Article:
I've been talking about my opinion of Linux to a few people, since it's just the best operating system ever. For too many reasons; that would take too much time to list. I could do this for hours. Yes, I also encouter strange bugs on Linux that I don't have the competences to solve (I just reinstalled the system. Extremely quick to reinstall all with a script), and not having Photoshop, Illustrator and others commercial programs is a real pain for me (Virtualisation is perfect - but I want a native version of these!), since I use them everyday.
Linux is not perfect, but it's just awesome.
The main problem the people told me (Most of them aren't experienced with Linux at all), is that Linux is not really "standard"; I fully understand their point of view. What they mean is that there are too many different distributions, so the new user simply cannot choose.
I personally find this true - there are many distros, and this can be seen as an advantage or disadvantage. When I first discovered Linux in October 2011, it was because of a teacher who recommended to download Ubuntu, so I could try it without affecting my PC - I was impressed.
But what if my teacher would have not told me about Ubuntu? My first reflex would have been to google "Download Linux", and today, I probably would be using Mint (Very good first impression of this distro. I've tested it) instead of Ubuntu. Mint is the first result that show up, Ubuntu is the fifth.
Back then, when I knew nothing about Linux, when I wanted to test it, but was affraid to damage my computer by installing it the wrong way, I thought that there was only one Linux version - just like Windows 7 or Mac OS X.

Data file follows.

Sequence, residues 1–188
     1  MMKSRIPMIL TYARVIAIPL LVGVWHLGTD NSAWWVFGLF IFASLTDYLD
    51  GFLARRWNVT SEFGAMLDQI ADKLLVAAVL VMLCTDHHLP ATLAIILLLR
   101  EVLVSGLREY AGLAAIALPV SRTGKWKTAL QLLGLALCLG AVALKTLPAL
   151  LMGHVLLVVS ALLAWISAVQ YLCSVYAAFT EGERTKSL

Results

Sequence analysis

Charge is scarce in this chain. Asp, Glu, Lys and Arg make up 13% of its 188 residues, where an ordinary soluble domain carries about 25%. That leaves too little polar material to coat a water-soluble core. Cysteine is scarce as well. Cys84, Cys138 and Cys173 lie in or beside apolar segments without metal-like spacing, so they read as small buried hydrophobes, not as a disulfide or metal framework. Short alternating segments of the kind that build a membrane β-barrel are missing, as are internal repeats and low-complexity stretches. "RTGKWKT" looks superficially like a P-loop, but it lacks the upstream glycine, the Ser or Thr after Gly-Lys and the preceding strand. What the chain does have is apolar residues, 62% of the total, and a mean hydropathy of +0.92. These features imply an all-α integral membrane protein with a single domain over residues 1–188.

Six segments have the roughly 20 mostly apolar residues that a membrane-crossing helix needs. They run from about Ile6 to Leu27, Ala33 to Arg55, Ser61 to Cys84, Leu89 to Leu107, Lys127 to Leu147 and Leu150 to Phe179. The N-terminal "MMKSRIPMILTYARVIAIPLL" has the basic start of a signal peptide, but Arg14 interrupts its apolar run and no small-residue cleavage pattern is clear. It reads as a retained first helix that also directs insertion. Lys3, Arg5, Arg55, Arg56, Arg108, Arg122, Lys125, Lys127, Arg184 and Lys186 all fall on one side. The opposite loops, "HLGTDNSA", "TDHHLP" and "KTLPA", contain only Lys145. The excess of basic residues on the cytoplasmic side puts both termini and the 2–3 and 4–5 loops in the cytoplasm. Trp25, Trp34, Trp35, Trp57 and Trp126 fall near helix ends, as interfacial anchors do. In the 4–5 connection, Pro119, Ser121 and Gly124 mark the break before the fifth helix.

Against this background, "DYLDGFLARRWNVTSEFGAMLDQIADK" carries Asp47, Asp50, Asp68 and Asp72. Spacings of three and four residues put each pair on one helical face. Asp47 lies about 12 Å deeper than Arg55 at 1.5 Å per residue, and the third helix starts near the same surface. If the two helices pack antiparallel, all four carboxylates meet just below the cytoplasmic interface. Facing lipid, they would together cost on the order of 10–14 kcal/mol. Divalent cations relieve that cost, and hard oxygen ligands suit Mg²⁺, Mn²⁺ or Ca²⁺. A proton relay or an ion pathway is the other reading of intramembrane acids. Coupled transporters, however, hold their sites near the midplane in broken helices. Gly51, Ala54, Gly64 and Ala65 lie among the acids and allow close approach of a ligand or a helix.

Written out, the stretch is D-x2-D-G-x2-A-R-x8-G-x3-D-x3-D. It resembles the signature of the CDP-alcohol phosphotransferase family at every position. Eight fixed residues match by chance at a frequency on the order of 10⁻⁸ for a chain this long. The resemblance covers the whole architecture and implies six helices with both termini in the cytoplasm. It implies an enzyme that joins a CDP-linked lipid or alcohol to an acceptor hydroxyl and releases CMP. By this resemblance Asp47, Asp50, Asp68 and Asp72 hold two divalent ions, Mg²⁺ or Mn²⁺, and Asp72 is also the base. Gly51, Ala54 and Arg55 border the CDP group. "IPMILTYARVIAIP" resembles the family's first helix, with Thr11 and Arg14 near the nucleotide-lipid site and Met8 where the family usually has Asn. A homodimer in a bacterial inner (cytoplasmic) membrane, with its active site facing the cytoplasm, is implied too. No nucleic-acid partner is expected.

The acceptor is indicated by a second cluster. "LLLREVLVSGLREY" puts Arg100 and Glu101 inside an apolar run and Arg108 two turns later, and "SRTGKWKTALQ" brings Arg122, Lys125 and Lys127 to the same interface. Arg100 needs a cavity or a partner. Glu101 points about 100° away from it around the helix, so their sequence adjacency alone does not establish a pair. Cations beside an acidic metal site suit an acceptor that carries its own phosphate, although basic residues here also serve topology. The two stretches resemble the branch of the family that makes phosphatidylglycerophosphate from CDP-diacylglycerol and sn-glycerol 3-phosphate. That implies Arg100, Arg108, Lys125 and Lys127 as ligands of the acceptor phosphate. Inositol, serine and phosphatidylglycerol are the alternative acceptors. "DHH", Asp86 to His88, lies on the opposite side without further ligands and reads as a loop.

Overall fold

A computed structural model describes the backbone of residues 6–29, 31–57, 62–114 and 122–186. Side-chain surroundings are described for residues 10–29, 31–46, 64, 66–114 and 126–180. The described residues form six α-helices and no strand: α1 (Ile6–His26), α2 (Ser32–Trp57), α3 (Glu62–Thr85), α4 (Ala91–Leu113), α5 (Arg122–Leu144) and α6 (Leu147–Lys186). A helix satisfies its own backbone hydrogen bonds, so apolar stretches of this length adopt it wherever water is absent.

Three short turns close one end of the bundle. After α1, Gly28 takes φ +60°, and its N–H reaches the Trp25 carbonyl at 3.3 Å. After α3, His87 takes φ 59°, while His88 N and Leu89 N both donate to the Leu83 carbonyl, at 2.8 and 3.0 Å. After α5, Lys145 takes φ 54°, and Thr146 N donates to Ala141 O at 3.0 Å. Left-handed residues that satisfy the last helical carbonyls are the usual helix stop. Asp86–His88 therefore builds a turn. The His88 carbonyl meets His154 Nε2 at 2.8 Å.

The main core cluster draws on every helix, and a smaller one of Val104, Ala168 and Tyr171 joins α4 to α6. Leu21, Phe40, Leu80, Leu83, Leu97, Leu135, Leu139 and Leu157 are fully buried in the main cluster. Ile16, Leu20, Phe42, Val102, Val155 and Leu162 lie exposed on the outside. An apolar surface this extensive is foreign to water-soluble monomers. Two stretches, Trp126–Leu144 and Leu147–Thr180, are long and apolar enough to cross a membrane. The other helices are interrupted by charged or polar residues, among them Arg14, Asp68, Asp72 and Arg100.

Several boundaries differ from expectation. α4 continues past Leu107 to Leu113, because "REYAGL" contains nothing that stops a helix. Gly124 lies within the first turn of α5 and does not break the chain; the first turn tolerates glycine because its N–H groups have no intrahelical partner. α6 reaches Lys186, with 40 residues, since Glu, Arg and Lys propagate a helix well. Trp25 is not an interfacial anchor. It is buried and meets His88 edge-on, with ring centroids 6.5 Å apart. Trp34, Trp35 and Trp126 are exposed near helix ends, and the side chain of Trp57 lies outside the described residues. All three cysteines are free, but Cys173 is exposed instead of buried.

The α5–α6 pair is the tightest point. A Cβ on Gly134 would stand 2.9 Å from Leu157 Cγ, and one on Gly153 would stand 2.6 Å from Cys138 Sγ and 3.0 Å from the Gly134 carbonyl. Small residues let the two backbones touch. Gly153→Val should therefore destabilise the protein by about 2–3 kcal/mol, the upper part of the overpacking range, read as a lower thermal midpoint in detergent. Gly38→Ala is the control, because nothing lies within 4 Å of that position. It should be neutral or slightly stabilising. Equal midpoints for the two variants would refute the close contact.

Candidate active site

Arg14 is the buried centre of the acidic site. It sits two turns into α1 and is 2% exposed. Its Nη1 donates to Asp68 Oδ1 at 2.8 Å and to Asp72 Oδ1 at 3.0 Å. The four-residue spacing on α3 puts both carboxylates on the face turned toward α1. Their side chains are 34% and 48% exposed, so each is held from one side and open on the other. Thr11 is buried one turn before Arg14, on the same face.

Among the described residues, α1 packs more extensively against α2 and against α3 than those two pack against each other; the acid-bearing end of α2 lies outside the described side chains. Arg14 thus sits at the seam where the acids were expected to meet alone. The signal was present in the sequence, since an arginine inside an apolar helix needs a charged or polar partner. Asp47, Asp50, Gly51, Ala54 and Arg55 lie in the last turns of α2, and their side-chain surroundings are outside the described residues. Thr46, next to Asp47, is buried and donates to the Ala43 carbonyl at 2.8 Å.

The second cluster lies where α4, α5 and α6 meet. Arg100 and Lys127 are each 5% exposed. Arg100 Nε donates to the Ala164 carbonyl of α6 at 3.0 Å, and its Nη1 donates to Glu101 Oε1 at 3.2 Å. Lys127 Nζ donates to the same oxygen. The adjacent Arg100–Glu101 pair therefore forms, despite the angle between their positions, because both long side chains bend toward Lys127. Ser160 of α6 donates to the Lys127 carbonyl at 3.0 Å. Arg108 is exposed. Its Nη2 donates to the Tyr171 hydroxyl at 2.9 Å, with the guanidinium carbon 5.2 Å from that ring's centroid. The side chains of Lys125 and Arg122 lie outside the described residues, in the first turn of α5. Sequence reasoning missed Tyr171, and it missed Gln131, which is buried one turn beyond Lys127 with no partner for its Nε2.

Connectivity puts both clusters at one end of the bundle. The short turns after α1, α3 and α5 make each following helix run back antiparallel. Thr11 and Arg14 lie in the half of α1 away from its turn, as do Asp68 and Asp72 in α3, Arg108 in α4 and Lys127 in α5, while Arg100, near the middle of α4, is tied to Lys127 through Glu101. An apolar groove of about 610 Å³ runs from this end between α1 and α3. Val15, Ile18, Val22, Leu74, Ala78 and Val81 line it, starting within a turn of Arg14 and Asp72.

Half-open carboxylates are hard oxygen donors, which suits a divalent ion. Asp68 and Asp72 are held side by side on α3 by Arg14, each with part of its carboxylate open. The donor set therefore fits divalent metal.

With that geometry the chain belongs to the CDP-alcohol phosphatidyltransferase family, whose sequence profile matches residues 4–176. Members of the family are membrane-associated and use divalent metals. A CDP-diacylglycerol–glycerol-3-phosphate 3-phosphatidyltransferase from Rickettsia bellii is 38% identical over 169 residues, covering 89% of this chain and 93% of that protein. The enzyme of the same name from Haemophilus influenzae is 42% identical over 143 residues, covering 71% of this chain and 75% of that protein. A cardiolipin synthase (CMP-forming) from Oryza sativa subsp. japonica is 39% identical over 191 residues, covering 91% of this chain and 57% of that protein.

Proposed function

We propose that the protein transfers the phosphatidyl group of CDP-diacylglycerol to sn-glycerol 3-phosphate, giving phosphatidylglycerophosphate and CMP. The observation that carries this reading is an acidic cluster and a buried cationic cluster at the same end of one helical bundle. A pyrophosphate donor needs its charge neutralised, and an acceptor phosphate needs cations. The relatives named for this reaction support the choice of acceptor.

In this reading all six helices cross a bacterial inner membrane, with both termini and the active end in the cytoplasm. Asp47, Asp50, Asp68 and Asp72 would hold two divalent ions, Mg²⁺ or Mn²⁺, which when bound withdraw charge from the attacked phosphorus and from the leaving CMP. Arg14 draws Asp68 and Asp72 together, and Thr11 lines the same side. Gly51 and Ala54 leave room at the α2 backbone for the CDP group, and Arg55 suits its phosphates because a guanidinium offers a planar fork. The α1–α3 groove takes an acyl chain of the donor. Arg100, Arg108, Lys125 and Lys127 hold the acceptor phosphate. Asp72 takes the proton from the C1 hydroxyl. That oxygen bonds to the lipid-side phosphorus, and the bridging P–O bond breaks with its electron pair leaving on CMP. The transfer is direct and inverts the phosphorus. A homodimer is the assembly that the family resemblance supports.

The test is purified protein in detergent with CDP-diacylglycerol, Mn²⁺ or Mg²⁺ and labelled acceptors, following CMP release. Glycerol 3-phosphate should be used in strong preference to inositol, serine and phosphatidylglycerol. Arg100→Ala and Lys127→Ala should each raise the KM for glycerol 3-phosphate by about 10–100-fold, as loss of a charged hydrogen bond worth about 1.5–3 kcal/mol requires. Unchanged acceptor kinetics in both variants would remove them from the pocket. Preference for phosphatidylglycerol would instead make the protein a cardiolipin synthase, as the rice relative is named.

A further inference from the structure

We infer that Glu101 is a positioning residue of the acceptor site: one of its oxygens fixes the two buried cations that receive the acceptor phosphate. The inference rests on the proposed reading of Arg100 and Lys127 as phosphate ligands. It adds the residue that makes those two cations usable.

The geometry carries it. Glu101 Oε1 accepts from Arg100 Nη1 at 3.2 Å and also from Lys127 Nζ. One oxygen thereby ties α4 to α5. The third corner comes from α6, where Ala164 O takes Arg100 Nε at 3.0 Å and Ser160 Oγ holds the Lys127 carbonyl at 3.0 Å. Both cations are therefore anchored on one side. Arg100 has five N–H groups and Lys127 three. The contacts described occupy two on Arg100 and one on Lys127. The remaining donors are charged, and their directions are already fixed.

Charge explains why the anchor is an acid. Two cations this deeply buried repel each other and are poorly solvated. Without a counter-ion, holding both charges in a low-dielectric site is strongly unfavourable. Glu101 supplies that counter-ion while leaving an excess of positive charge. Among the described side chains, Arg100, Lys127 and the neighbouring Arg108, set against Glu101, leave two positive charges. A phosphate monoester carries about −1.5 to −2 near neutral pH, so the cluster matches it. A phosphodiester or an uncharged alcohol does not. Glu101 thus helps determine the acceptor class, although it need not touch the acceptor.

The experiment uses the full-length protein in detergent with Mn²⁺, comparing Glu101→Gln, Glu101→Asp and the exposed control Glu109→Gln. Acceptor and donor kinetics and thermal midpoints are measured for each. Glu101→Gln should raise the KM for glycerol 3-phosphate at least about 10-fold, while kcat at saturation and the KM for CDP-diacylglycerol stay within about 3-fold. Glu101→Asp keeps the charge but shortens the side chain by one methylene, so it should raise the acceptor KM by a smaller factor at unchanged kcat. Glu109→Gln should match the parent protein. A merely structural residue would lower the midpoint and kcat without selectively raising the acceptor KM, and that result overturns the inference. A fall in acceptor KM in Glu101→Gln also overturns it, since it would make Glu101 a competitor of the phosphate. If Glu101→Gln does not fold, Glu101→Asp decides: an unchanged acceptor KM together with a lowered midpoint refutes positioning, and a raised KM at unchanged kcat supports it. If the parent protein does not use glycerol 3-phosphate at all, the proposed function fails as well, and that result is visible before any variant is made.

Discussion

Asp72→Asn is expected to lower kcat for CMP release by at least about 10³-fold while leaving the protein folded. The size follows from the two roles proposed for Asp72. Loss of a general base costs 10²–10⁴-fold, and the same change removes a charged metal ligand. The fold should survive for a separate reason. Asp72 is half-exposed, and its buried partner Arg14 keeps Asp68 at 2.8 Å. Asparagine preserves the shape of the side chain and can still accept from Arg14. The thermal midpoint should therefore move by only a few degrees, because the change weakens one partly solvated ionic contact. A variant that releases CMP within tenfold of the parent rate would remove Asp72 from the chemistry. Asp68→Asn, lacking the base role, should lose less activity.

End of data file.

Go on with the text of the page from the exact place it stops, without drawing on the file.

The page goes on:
So, would it be true to say that "Linux is not standard", since there are too many distributions? Many people say that Linux is having a hard time to succeed in the market, because there are too many Linux versions/distributions. Would it be better for Linux to focus on only one version and make that version better and better?
Of course, that brings another problem: a positive point about Linux is that it won't lock the user to an interface or desktop environnement. If you don't like Unity (Many people do. It took a while for me to like it, but now, I find it faster and better than GNOME2), you're not obligated to use it. You can still install another distribution or another desktop. There's a Distro for everyone, and if you don't like something, you can always change it.
What if there was only one version of Linux, and the UI.. sucked (Take Unity. For me, it doesn't suck, but some believe it does) ? Wouldn't that be a bad move, for Linux?
I spoke about that question to an advanced Linux user - I don't know many. He told me that Linux does have a very strict standard. I get the basic idea behind this: Debian, Ubuntu, Mint, they all share some similarities, so the user wouldn't get lost, I believe.
Well, I'm not so sure about the "standard" or "not standard" question.
What do you guys think?